The rest of Friday evening was fairly uneventful and we kicked off Saturday morning by signing the two kids up for ski school. This seemed like a good plan because it would entertain/teach the kids and allow us grownups to ski as little or as much as our bodies could handle. The plan came to a crashing halt when my wife informed the school administrator that Daisy has a serious peanut allergy. The school instructors weren't comfortable with administering the medicine (only needed in case of an emergency), so they told us that the only way Daisy could attend class was if one of her parents stood nearby at all times, ready to administer medicine should one of her classmates thrust peanuts into Daisy's mouth. After several minutes of futile argument, we conceded and I agreed to spend my Saturday standing next to ski school.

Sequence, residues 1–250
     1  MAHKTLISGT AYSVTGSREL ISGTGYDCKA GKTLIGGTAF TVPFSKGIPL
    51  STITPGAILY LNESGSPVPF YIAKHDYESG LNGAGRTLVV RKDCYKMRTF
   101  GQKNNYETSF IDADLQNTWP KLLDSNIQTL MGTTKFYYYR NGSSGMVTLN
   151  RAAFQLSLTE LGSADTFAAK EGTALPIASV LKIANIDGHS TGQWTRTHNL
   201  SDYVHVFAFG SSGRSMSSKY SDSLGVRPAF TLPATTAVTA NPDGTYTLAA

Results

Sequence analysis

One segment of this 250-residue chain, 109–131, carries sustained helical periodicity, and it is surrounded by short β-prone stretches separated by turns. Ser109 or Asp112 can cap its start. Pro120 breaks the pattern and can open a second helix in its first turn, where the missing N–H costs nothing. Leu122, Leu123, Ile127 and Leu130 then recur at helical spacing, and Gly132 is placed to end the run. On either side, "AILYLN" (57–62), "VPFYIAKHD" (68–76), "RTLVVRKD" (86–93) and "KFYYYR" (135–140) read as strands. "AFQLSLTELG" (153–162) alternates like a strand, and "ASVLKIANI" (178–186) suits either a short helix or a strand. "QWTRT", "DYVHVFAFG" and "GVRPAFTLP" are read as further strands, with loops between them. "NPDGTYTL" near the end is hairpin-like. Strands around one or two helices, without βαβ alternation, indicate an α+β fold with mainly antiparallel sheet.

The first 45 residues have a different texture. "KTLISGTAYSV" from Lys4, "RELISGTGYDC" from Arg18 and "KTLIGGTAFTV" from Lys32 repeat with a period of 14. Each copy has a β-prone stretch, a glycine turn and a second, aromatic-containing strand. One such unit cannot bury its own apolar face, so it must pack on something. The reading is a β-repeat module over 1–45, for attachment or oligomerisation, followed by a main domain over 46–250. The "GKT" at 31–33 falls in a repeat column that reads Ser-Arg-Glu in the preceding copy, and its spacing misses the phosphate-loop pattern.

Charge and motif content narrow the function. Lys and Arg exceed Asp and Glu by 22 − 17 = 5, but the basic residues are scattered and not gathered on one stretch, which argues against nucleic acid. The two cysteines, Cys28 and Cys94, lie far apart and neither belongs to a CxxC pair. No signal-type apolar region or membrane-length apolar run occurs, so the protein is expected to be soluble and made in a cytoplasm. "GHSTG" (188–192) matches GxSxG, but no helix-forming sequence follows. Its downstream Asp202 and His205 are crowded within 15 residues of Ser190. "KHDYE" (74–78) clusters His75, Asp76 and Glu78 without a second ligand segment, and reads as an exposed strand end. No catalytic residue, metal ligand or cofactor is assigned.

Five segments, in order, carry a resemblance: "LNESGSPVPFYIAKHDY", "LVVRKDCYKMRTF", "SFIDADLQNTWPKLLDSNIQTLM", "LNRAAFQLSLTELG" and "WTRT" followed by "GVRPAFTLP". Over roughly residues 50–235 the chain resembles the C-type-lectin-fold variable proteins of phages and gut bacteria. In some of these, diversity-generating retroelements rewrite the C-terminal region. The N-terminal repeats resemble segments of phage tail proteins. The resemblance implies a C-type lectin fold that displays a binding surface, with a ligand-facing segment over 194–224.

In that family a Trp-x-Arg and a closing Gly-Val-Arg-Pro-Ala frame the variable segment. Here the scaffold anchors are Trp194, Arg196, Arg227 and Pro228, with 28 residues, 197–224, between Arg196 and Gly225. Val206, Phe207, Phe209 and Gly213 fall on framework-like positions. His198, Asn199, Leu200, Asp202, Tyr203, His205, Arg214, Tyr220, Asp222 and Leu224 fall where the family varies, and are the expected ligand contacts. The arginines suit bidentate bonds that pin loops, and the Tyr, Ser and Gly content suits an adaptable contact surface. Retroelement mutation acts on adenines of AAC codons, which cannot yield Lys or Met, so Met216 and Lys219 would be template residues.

I watched Daisy not eat peanuts as she snow plowed and as she parallel skiied. I watched her not eat peanuts on the rope tow and on the "magic carpet". I watched her not eat peanuts during break time when kids were fed non-peanut juice and I watched her not eat peanuts during lunch when they ate non-peanut hot dogs, non-peanut french fries and non-peanut oranges. Basically I watched Daisy not eat peanuts for 6 straight hours on the most perfect skiing day you could imagine. Clear skies, sunshine, warmish weather, and plenty of snow. Nary a peanut in site.
Ski school was occasionally entertaining though. I enjoyed seeing the various techniques employed by the kids as they learned how to snow plow down the gentle slope. Some kids cried their way down the hill, while maintaining perfect "pizza slice" form, but you could hear them bawling the whole way. Another kid kept reciting some personal mantra each time he skiied by, "I am powerful. I can achieve anything. There are no barriers...." He spooked me a bit.